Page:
NK mis­sile no bet­ter than be­fore: an­a­lysts China

Global Times - - Front Page - By Bai Tiantian

North Korea fired a bal­lis­tic mis­sile over Ja­pan’s north­ern Hokkaido Is­land Tues­day morn­ing, prompt­ing Tokyo to warn its cit­i­zens to take cover.

Ex­perts said the lat­est launch pro­vides no in­di­ca­tion that North Korean mis­sile tech­nol­ogy has im­proved to ac­cu­rately strike Guam, but Py­ongyang may wish to force the US into ne­go­ti­a­tions fa­vor­able to­ward North Korea by threat­en­ing the se­cu­rity of Ja­pan.

Chi­nese for­eign min­istry spokes­woman Hua Chun­y­ing urged rel­e­vant par­ties at a press con­fer­ence to re­frain from pro­vok­ing each other to pre­vent re­gional ten­sions from fur­ther es­ca­lat­ing.

US Pres­i­dent Don­ald Trump warned North Korea that “all op­tions are on the ta­ble,” and that threat­en­ing and desta­bi­liz­ing ac­tions only in­crease the North Korea’s iso­la­tion in the re­gion and among all na­tions

of the world, Trump said in a state­ment re­leased by the White House.

The mis­sile could have been the in­ter­me­di­at­erange Hwa­song- 12 mis­sile or Pukguk­song- 2. If it was the lat­ter, Py­ongyang could have been con­duct­ing a full- range test, Song Zhong­ping, a mil­i­tary ex­pert who served in the Rocket Force, told the Global Times on Tues­day.

The mis­sile was fired at around 5: 58 am from the western coast of North Korea in a north­east­ern di­rec­tion, and passed over Cape Erimo on Ja­pan’s north­ern­most main is­land of Hokkaido around 6: 06 am, Ja­pan’s Chief Cab­i­net Sec­re­tary Yoshi­hide Suga said.

The mis­sile flew over 2,700 kilo­me­ters, reach­ing a height of 550 kilo­me­ters, and fell into the Pa­cific Ocean some 1,180 kilo­me­ters east of Cape Erimo around 6: 12 am. The launch marks the first flight of a North Korean bal­lis­tic mis­sile over Ja­pan, and is con­sid­ered by Western me­dia as one of the most provoca­tive bal­lis­tic mis­sile tests Py­ongyang has ever con­ducted.

In 2009, North Korea fired a rocket car­ry­ing a com­mu­ni­ca­tions satel­lite into or­bit over Ja­pan.

Ja­panese tele­vi­sion and ra­dio broad­cast­ers on Tues­day broke into their reg­u­lar pro­gram­ming with a “J- Alert,” warn­ing cit­i­zens of the mis­sile launch. Bul­let train ser­vices were tem­po­rar­ily halted and warn­ings went out over loud­speak­ers in towns in Hokkaido.

“North Korea’s reck­less ac­tion is an un­prece­dented, se­ri­ous and grave threat to our na­tion,” Ja­panese Prime Min­is­ter Shinzo Abe told re­porters on Tues­day.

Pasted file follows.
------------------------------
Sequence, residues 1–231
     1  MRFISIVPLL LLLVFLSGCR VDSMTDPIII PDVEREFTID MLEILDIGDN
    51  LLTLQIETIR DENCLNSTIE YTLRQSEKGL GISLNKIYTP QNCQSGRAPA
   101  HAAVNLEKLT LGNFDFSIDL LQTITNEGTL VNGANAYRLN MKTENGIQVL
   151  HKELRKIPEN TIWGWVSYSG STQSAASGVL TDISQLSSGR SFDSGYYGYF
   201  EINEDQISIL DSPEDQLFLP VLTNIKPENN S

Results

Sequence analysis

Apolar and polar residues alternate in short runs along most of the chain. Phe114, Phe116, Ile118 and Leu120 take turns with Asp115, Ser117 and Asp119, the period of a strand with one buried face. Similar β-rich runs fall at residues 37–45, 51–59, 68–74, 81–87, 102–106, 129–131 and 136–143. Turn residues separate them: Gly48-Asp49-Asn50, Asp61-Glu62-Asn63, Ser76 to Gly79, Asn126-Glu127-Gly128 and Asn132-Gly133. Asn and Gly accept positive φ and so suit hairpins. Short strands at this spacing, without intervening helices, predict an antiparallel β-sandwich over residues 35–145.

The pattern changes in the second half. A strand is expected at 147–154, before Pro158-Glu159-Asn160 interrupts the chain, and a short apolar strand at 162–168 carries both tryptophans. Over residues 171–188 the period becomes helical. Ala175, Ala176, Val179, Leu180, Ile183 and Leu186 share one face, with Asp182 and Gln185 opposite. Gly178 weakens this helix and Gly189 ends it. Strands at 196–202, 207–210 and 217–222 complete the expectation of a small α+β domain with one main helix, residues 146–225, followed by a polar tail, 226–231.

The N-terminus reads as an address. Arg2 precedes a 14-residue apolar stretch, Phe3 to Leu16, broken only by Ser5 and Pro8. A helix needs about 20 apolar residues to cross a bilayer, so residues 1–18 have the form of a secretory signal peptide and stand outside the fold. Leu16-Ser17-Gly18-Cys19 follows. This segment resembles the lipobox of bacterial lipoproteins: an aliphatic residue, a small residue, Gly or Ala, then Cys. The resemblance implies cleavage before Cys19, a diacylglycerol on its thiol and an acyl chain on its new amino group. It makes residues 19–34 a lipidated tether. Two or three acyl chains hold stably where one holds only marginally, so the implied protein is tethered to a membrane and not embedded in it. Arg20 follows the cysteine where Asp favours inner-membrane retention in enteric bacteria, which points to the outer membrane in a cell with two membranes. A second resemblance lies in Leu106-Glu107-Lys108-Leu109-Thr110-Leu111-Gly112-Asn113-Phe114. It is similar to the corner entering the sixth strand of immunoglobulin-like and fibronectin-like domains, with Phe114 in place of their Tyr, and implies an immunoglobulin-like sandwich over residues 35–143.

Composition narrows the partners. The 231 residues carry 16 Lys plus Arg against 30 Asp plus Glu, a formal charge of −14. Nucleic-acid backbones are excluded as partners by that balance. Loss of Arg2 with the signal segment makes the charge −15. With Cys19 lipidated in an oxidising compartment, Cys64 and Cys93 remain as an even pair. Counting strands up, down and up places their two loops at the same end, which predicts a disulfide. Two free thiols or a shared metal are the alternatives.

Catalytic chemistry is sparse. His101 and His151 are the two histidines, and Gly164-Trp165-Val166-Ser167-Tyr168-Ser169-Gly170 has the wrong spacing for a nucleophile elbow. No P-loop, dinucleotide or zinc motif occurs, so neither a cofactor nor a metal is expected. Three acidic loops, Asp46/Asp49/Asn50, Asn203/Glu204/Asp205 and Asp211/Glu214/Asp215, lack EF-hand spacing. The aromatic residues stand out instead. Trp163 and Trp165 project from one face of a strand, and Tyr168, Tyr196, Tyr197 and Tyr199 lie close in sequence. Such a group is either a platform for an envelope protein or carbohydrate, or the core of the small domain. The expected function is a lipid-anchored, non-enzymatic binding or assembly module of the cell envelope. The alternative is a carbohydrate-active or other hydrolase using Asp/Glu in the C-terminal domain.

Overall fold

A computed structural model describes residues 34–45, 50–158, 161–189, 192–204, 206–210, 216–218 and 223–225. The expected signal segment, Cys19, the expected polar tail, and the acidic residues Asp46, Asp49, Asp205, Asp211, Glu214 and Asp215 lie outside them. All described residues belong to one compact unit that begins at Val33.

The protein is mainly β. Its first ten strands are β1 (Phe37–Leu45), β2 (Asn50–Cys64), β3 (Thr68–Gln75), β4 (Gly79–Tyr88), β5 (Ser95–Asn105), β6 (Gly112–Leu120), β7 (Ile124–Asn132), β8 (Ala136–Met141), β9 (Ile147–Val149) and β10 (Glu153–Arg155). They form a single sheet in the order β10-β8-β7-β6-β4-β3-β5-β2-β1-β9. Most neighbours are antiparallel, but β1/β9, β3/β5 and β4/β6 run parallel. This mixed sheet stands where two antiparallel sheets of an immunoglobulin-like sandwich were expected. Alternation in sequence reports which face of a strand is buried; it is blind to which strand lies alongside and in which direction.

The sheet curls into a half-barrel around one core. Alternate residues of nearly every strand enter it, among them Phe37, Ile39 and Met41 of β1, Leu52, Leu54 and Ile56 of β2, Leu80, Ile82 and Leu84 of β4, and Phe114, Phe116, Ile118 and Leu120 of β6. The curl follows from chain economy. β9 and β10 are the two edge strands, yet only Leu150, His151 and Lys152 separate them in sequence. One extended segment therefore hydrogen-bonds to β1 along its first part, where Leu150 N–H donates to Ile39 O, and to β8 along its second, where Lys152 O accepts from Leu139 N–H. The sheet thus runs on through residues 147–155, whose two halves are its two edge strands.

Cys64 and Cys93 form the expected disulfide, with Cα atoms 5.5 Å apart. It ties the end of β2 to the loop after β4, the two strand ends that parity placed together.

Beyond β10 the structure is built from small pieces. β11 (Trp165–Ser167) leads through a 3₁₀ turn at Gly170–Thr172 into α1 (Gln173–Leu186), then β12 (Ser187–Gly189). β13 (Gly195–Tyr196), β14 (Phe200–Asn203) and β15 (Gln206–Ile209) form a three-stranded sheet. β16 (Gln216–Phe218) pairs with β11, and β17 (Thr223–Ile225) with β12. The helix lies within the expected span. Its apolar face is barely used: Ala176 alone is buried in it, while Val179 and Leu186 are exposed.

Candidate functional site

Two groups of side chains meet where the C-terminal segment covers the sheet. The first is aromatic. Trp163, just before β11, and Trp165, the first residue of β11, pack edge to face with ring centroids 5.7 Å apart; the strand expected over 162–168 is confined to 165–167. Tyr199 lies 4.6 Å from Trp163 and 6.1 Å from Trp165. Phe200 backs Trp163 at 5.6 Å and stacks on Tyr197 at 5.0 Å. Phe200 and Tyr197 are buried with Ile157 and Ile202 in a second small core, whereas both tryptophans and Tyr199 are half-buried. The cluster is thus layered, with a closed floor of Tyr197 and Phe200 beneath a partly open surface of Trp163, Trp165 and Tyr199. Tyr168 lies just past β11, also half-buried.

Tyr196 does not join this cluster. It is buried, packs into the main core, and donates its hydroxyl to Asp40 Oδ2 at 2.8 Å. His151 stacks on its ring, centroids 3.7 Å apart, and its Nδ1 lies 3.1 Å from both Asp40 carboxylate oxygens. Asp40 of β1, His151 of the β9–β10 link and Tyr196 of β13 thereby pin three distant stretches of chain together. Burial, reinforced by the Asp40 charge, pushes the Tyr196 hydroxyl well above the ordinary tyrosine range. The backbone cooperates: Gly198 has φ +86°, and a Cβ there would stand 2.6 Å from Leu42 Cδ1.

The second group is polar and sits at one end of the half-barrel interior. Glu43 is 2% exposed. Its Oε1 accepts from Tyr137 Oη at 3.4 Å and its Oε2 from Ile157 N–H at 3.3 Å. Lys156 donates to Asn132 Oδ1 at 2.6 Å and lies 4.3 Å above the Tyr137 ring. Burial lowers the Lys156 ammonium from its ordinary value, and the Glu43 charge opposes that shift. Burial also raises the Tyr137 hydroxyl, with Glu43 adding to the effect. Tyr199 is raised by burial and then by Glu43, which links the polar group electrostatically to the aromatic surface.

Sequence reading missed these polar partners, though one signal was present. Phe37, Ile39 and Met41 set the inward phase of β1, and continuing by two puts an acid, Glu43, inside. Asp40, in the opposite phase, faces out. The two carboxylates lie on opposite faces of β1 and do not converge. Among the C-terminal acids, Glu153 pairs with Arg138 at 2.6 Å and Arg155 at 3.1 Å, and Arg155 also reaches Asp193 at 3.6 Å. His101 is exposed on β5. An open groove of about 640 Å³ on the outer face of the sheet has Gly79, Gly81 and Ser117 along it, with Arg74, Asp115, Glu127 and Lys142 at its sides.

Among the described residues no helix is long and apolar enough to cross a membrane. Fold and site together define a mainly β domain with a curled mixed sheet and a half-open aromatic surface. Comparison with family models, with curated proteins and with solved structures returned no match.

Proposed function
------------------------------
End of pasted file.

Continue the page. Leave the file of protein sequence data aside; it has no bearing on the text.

Abe said he spoke to Trump and they agreed to in­crease pres­sure on North Korea. Trump also said the US was “100 per­cent with Ja­pan,” Abe told re­porters, ac­cord­ing to a Reuters re­port.

Song, a bal­lis­tic mis­sile ex­pert, brushed off spec­u­la­tion that Tues­day’s launch could have been a warm- up for a sim­i­lar ac­tion to­ward Guam, adding that Py­ongyang needs more tests for its mis­siles to func­tion re­li­ably.

“This bal­lis­tic mis­sile launch was a nor­mal weapons tra­jec­tory test. For th­ese kinds of tests, mis­siles need to reach their full range to see how dif­fer­ent parts re­act in tra­jec­tory and whether they can func­tion prop­erly un­der a sys­tem com­mand,” Song said.

Gain­ing the up­per hand

“We will re­spond strongly based on our stead­fast al­liance with the US if North Korea con­tin­ues nu­clear and mis­sile provo­ca­tions,” the South Korean for­eign min­istry said in a state­ment.

Four South Korean fighter jets bombed a mil­i­tary fir­ing range on Tues­day af­ter Pres­i­dent Moon Jae- in asked the mil­i­tary to demon­strate their ca­pa­bil­i­ties to counter North Korea.

South Korea and the US had dis­cussed de­ploy­ing ad­di­tional “strate­gic as­sets” on the Korean Penin­sula, the pres­i­den­tial Blue House said in a state­ment, with­out pro­vid­ing fur­ther de­tails, Reuters said.

Da Zhi­gang, di­rec­tor of the Hei­longjiang Pro­vin­cial Academy of So­cial Sciences’ In­sti­tute of North­east Asian Stud­ies, said Py­ongyang may wish to use the launch to pro­voke key al­lies of the US and force Wash­ing­ton into ne­go­ti­a­tions.

“Un­der tremen­dous US pres­sure, North Korea has launched mul­ti­ple mis­siles but failed to re­ceive a de­sir­able re­sponse from the US. The bal­lis­tic mis­sile’s flight over Hokkaido could be a strat­egy to ‘ kid­nap’ Ja­pan and South Korea, the two key US al­lies, to threaten the US and force it into sub­mis­sion on cer­tain terms,” Da said.

Pedes­tri­ans walk in front of a huge screen dis­play­ing a map of Ja­pan ( cen­ter) and the Korean Penin­sula, in Tokyo on Tues­day, fol­low­ing a North Korean mis­sile that flew over Ja­pan.

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